In the whole land,’ declares the Lord, ‘two-thirds will be struck down and perish; yet one-third will be left in it.  This third I will bring into the fire; I will refine them like silver and test them like gold.  They will call on my name and I will answer them; I will say, “They are my people,” and they will say, “‘The Lord is our God.’”



Romans 9: 26-29, Paul quotes from Hosea 1: 10, Isaiah 10: 22-23 and Isaiah 1: 9 to establish the fact that a remnant of Israel will be saved; and on examination of the scripture that he quoted from Isaiah 10, we find that it is at the time of the Day of Lord, the complete quotation beginning in verse 20 with the theologically significant phrase in that day.  The whole passage, Isaiah 10: 20-23, reads:



In that day the remnant of Israel, the survivors of the house of Jacob, will no longer rely on him who struck them down but will truly rely on the Lord, the One of Israel.  A remnant will return, a remnant of Jacob will return to the Mighty God.  Though your people, O Israel, be like the sand by the sea, only a remnant will return.  Destruction has been decreed, overwhelming and righteous.  The Lord, the Lord Almighty, will carry out the destruction decreed upon the whole land.



Jesus also confirmed that there would be a surviving remnant.  In Matthew 24: 15, He turns His attention to the time of the great tribulation and gives prophetic warnings relating to it.  It is to be, in Judea particularly (v. 16), a time of unparalleled distress (v. 21) from which there would be no survivors except for divine intervention (v. 22), but God will intervene and bring an end to the tribulation in Judea ‘for the sake of the elect - that is, the remnant of Israel that is to be saved out of it.



The ‘Little Apocalypse’ of Isaiah 24-27



Another key passage of Scripture that is prophetic of the Day of the Lord is the ‘Little Apocalypse’ of Isaiah 24-27.  Many commentators appear to think that the whole of chapter 24 is speaking about God’s judgement solely on a worldwide basis, but this assumption does not seem to equate with the usual prophetic methods of expression.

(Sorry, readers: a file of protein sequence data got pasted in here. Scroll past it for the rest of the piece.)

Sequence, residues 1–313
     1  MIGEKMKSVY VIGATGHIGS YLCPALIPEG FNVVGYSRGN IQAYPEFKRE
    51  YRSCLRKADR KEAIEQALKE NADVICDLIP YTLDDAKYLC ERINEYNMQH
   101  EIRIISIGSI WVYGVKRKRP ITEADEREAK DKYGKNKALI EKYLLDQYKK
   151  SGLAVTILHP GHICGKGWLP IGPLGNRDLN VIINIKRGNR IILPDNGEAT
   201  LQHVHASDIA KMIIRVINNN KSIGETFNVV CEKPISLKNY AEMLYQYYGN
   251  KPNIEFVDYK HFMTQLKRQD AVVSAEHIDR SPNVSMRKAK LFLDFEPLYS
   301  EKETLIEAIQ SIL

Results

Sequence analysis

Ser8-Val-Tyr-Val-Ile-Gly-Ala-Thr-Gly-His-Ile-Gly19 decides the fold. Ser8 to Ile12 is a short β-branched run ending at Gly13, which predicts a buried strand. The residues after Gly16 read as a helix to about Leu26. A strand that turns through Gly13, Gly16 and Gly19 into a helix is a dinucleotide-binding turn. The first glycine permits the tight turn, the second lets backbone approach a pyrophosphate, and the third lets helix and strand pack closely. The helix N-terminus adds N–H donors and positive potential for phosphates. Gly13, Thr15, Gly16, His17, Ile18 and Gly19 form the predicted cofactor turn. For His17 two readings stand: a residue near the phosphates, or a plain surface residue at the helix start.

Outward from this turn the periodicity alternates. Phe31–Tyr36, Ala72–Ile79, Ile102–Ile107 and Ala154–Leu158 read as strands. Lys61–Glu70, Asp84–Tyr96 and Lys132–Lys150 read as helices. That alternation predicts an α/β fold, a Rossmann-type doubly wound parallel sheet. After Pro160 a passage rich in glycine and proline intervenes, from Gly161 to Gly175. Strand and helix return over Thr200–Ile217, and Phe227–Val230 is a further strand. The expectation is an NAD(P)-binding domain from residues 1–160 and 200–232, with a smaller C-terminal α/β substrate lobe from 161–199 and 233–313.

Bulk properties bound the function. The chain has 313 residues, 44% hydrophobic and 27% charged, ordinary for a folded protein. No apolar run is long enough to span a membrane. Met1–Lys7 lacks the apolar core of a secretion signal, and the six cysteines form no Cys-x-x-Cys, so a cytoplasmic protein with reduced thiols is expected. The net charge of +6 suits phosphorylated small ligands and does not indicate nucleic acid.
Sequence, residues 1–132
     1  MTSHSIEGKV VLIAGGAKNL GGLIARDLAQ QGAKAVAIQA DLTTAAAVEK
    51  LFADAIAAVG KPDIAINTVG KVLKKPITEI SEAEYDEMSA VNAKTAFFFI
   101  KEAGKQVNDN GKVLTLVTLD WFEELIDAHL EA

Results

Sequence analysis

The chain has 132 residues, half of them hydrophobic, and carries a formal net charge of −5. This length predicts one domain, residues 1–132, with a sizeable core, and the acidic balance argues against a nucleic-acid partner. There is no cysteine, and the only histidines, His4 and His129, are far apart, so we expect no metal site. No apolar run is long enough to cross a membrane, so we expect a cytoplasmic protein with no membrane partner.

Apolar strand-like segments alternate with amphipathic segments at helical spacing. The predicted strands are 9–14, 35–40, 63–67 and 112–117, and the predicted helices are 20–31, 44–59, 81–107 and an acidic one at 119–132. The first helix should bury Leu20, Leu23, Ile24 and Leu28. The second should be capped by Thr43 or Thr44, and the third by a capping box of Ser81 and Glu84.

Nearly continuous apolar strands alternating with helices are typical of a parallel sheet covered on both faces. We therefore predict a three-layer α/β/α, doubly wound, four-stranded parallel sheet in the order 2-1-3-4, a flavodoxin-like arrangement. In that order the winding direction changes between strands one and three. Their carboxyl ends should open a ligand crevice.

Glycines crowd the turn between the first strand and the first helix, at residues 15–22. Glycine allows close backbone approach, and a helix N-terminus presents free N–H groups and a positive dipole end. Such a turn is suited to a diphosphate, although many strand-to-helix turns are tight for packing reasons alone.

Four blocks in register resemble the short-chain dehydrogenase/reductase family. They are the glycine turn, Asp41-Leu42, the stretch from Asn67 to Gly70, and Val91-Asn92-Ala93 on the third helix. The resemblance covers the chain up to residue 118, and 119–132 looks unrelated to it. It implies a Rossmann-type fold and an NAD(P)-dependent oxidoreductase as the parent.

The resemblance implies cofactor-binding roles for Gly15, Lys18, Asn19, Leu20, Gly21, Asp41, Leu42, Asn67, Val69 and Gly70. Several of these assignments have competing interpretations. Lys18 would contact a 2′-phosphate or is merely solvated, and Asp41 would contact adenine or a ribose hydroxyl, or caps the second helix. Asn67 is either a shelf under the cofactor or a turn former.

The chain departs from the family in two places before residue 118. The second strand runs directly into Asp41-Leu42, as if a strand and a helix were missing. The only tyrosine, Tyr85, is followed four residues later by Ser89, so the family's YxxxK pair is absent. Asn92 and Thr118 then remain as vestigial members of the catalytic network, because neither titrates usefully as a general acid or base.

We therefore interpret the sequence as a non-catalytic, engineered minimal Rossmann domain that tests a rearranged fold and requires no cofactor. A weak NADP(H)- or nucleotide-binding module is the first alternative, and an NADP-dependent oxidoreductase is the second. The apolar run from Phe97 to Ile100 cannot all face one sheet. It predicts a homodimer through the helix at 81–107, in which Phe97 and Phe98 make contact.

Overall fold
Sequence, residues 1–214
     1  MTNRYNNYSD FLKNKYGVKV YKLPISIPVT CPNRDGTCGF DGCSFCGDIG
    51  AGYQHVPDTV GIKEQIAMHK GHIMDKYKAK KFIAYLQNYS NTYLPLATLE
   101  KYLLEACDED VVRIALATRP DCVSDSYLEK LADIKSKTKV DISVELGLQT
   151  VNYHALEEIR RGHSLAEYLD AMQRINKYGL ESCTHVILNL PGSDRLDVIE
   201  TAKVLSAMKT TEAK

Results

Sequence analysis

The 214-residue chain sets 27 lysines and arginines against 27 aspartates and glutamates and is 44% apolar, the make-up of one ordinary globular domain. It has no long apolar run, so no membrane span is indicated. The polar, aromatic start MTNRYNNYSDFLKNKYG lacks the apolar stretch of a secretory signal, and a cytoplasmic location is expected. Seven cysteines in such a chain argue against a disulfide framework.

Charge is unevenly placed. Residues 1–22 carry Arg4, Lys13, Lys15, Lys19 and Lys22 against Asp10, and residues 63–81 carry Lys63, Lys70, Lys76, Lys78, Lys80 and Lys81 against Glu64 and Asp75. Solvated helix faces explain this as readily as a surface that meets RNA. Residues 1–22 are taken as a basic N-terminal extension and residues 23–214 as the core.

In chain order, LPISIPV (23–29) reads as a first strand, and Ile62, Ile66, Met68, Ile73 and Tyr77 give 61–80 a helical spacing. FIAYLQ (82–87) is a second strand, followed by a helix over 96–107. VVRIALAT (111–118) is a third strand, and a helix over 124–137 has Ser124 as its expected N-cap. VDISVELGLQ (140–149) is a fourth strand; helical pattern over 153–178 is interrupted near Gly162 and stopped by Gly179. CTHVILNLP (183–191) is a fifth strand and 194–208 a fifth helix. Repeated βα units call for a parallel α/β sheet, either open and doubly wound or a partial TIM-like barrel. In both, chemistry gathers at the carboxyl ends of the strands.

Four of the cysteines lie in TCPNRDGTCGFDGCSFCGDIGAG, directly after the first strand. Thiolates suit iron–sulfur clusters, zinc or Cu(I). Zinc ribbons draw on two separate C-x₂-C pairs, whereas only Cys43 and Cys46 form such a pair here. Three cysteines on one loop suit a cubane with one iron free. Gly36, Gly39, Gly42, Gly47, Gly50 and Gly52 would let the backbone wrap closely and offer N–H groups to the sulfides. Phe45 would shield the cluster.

We noted previously that when the Hebrew prophets are speaking about nations other than Israel and Judah, they specifically name those nations.  Between chapters 13 and 23, Isaiah has prophesied judgement concerning Babylon, Assyria, Philistia, Moab, Damascus, Ethiopia, Egypt, Edom, Arabia and Tyre; in chapter 24, however, no individual nation is named.  This may be, of course, because the prophet intends to include every nation without distinction, and it has been assumed by many that because in translation this chapter speaks over and over again of ‘the earth’, the prophecy is therefore entirely to do with events that are to occur on a worldwide basis.  However, as with the book of Zephaniah, on 15 occasions out of 17 the word translated ‘the earth’ is again the Hebrew ‘erets’, which can equally well be translated as the land.  It is interesting to note that Dr David Stern’s translation of Isaiah 24 in The Complete Jewish Bible relates verses 1-12 to the Land of Israel, but renders verses 13-23 as having global application.



It appears significant when considering the language of Isaiah 24 that when the prophet wishes to make reference to the earth in a worldwide sense, he uses a different Hebrew word.  In this context he does not use erets but adamah, which means the ground or the soil of the dry land.  Adamah is used in Isaiah 23: 17, where Tyre is said to ply her trade with all the kingdoms on the face of the earth.  It is also the case that in verse 21 of chapter 24, which reads in that day the Lord will punish the powers in the heavens above and the kings on the earth below, Isaiah, having used the word erets throughout the chapter until that point, suddenly switches and uses the word adamah in speaking of the kings on the earth on what is obviously intended as a worldwide basis.  This deliberate choice of the different words under the influence of the Holy Spirit cannot be without reason.